The peculiar ethics of The Bachelor

a/Arts & Entertainment/Film and TV by

In light of both the show’s season premiere just two weeks ago and former Bachelorette Andi Dorfman’s recent split from her reality TV lover, Josh Murray, I think it’s time that the Tribune take a deep, fleshy bite out of one of the most peculiar, borderline tragic, and simultaneously popular pieces of our mainstream culture: ABC’s The Bachelor. It would be a daunting task to point out all of the oddities and problematic aspects of the show, but let’s just start with some of the hard-hitters. The show, for those who don’t know, is meant to be a game show in which 25 contestants vie for the love of a single bachelor or bachelorette. Sure, it isn’t news that reality TV has to be provocative to be successful. Most of the time it’s pretty exploitive, and it sometimes blurs the lines with things that shouldn’t be conflated—for example, games and love. But when does provocative become unethical? And is there any kind of check on the amount of exploitation that goes on? The answer is—for better or worse—not really.
The show rests upon the fact that these people really do fall for each other. Sure, it’s manufactured to a degree—the producers jet the contestants around from island to island, leave unlimited booze in their hotel rooms, and talk the bachelor to the point where contestants believe he is more of a god than a single guy in his early thirties—but it’s clear that these people get genuinely invested. The tears come out almost immediately and without fail, the green-eyed monster of jealousy starts dealing out the most complex cards from a precariously shuffled deck by the very first group date (six girls, one guy).
The women on the show, who without a doubt believe in and practice traditional, hetero-normative relationships, are thrust into a giant, polyamorous, non-traditional spectacle and expected to fall in love. Copious amounts of cognitive dissonance ripen quickly: You watch the girls’ faces fall as the Bachelor cozies up with another contestant and they force themselves to bite their tongue. They acknowledge that it upsets them, but they still have this intense desire to uphold and respect the—entirely arbitrary—rules of the show. It’s okay if he kisses seven girls in one night; it’s okay that you become super close friends with the other girls dating the same guy as you; it’s not okay if a girl that has already received a rose takes time to talk to the bachelor. And it’s most definitely not okay for anyone to engage in any type of after-hours coitus with the bachelor (in the ocean or otherwise).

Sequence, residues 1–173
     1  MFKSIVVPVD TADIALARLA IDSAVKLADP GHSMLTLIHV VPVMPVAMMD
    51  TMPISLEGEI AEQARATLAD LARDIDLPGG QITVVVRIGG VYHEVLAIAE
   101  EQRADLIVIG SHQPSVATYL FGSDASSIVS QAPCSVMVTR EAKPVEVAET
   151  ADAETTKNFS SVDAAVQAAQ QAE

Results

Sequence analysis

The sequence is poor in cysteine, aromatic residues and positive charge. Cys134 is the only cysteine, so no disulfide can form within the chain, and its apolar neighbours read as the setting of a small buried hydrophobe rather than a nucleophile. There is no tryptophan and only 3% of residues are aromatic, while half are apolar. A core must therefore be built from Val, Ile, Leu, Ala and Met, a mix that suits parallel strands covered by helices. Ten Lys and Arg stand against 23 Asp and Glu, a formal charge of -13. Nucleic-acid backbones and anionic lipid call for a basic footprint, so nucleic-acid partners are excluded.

Cognitive dissonance is just one example of mental distress that contestants on a reality show might experience, and it seems the lines are blurry when it comes to informed consent. The girls obviously sign their lives away and are told that anything they say can and will be used in an effort to make the show as dramatic as possible.
I wonder to what degree participants on The Bachelor are prepared for the emotional turmoil that inevitably ensues. If anything, the producers probably want it to be as much of a shock as possible—why else would we hear the girls repeat over and over how they didn’t realize how difficult “this journey” would be? There gets to be a point where you go from laughing at the utter naiveté of the girls to truly wishing that the producers hadn’t chosen so many from under a medium IQ level—it just isn’t fair.
The psychological distress isn’t just encouraged; as the producers prod, poke, and leak bits of information to the contestants, the turmoil is practically cultivated—much like the crops of this season’s “Prince Farming” bachelor, Iowa farmer Chris Soules. In the 19th season of the franchise, it is refreshing to see a down-to-earth all-American guy as the bachelor rather than an underwear model searching for an acting career. Shouldn’t that mean that the franchise is looking to diversify the set of contestants too? Well, even following the infamous 2012 class action lawsuit accusing ABC of intentionally excluding people of colour from lead roles in both The Bachelor and The Bachelorette, it’s almost laughable how homogenous the group of contestants still are.
The show, point blank, is bonkers. Why do we watch it? Is it because we like to see these hyper-idealized romances fail in front of our eyes? Does it serve as some kind of outlet for our repressed human desire for polygamy? Or is it because we feel that regulated psychology experiments in research institutions are too limited by codes of conduct and academic integrity? Either way, there are no moral police shutting it down yet, so tune in to Season 19 of The Bachelor to enjoy the sick, but hilarious puppet show.

  • Алисон Бурней

    Whoever wrote this clearly doesn’t watch the bachelor